Tetrahydrobiopterin and Vascular Disease

Decreased endothelial NO and increased oxidative stress are both implicated in vascular disease. The role of BH4 in contributing to endothelial dysfunction has been the subject of considerable interest in recent years.

Tetrahydrobiopterin Bh4Pulmonary Hypertension Vascular Changes

Figure 3. Schematic diagram of NOS structure and function. Active NOS is a dimmer, with each monomer consisting of a reductase domain linked to an oxigenase domain. Electron are donated by NADPH, and transferred to FAD and FMN from the reductase domain of one NOS monomer, to the heme group (Fe) in the oxygenase domain of the other monomer, resulting in NO and L-citrulline synthesis and molecular oxygen. BH4 is closely bound to the heme group, serving as an electron donor and also interacts with residues from both monomers.

Figure 3. Schematic diagram of NOS structure and function. Active NOS is a dimmer, with each monomer consisting of a reductase domain linked to an oxigenase domain. Electron are donated by NADPH, and transferred to FAD and FMN from the reductase domain of one NOS monomer, to the heme group (Fe) in the oxygenase domain of the other monomer, resulting in NO and L-citrulline synthesis and molecular oxygen. BH4 is closely bound to the heme group, serving as an electron donor and also interacts with residues from both monomers.

Endothelial cells from the diabetic BB rat have reduced BH4 levels and reduced eNOS activity, which can be rescued by sepiapterin, a BH4 precursor [57]. NO-dependent vasodilatation is improved by sepiapterin in atherosclerotic aortas from ApoE-KO mice [47]. BH4 supplementation also improved vasodilatation in spontaneously hypertensive rats [14,36]. Verma et al (2002) showed that supplemental BH4 provides a novel cardio-protec-tive effect on left ventricular function, endothelial-vascular reactivity, oxi-dative damage and cardiomyocyte injury after ischemia-reperfusion injury. NOS dimerisation and coupling is reduced in hyperglycaemic human aortic endothelial cells but can be normalized by augmenting BH4, using GTPCH gene transfer [11].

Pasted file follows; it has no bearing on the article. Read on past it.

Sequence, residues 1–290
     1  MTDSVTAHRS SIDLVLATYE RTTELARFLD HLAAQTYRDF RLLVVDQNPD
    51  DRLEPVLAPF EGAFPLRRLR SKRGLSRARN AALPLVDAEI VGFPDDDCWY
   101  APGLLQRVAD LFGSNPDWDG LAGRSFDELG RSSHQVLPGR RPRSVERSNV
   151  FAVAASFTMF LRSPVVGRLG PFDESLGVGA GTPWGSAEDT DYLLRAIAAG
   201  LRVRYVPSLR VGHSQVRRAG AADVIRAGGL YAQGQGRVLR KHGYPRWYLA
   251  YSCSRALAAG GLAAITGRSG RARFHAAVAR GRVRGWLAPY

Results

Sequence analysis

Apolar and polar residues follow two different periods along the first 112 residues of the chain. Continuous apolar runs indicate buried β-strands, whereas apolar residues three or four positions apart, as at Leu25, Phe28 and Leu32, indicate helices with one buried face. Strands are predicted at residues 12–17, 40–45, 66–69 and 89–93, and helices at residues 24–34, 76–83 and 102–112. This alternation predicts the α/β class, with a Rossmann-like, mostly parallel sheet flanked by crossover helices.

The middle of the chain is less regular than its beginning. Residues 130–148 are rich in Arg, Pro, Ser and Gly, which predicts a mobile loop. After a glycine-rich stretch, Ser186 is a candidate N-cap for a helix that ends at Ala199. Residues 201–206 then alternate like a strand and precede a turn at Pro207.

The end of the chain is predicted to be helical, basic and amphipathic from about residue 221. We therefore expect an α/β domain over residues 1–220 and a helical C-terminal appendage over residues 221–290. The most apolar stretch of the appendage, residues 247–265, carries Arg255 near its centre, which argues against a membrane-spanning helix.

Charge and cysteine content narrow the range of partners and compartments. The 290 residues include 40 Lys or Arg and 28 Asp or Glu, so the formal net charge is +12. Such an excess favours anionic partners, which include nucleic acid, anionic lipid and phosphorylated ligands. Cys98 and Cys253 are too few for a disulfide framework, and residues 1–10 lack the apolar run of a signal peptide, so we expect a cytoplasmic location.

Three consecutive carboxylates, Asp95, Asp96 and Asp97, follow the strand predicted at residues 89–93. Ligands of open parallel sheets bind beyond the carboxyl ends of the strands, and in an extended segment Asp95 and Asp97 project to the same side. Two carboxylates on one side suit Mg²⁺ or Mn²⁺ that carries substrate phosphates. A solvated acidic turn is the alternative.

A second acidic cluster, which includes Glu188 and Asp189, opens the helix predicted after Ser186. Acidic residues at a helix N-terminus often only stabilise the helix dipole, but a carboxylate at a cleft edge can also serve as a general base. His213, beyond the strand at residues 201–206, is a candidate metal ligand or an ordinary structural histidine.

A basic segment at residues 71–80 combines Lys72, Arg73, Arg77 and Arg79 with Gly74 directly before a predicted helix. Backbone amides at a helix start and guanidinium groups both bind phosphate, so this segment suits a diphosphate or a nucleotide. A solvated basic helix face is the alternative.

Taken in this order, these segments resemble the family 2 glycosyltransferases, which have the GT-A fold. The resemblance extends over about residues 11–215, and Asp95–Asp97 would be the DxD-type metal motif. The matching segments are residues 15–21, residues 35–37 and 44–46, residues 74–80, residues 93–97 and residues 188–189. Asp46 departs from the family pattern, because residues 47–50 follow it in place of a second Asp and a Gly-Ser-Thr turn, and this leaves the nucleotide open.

In vivo studies using disease models and gene-modified animals have also suggested an important role of BH4 in cardiovascular disease. BH4 deficiency due to increased oxidative stress appears to mediate chronic DOCA-salt induced hypertension in rodents [46,94]. Cardiac hypertrophy from pressure overload induced by aortic banding has been shown to trigger myocardial eNOS uncoupling, reversible by BH4 supplementation [77]. In eNOS transgenic/ApoE-KO mice, enhanced superoxide production and accelerated atherosclerosis were prevented by pharmacological BH4 supplementation [64]. The GTPCH deficient (hph-1) mouse has reduced levels of BH4 and appears to have impaired NOS coupling [15]. Targeted overexpression of endothelial GTPCH, augmenting BH4 levels in the endothelium, can improve eNOS function and endothelial dysfunction in diabetic mice and also reduce atherosclerosis in ApoE-KO mice [2,3].

In humans, acute BH4 administration augments NO-dependent flow-mediated vasodilatation in smokers [32], and in patients with diabetes [32], hypertension [14], hypercholesterolaemia [74] or coronary artery disease [52]. Superoxide production is increased in human diabetic vessels, which is partly inhibited by a NOS inhibitor or sepiapterin [28]. However, these studies are short-term and may be confounded by non-specific antioxidant effects, given the high doses of sepiapterin used (more than hundred-fold in excess of physiological concentration). There are few data on the long-term effects of BH4 augmentation in vascular disease.

A possible association between homocysteine, a putative risk factor for vascular disease, and BH4-dependent eNOS coupling, has also recently been suggested. Homocysteine induces oxidative stress by uncoupling

When heme, BH4, Zn and L-Arg are present and attach to eNOS, coupled dimmer of eNOS can produce NO (A). Uncoupling of eNOS as a result of loss or oxidation of BH4, eNOS produce free oxygen radicals instead of NO (B).

of NOS through reduction of de novo synthesis of BH4, most likely by blunting sepiapterin reductase [79,17]. BH4 supplementation attenuates homocysteine induced endothelial dysfunction. Heterozygous knockout mice for methylenetetrahydrofolate reductase, which converts homocysteine to methionine, have mildly elevated homocysteine levels and increased aortic superoxide production. These can be inhibited by sepiapterin or L-NAME [84].

Ascorbic Acid (Vitamin C) can facilitate recycling of BH4 from BH3, thus preventing formation of inactive BH2 [65]. Heller et al (2001) found that ascorbic acid plays a role in the chemical stabilization of BH4 and that saturated ascorbic acid levels in endothelial cells are necessary to protect BH4 from oxidation and to provide optimal conditions for cellular NO synthesis.

Dihydrobiopterin (BH2), the oxidation product of BH4, may also compete with BH4 for binding to eNOS [81]. Loss of BH4 to BH2 by oxidation is a feature of the increased oxidative stress that is characteristic of vascular disease states [2,46]. However, it is still uncertain whether the ratio of BH4 /BH2 is more important than absolute BH4 levels in determining eNOS activity in vascular disease.

Blood Pressure Health

Blood Pressure Health

Your heart pumps blood throughout your body using a network of tubing called arteries and capillaries which return the blood back to your heart via your veins. Blood pressure is the force of the blood pushing against the walls of your arteries as your heart beats.Learn more...

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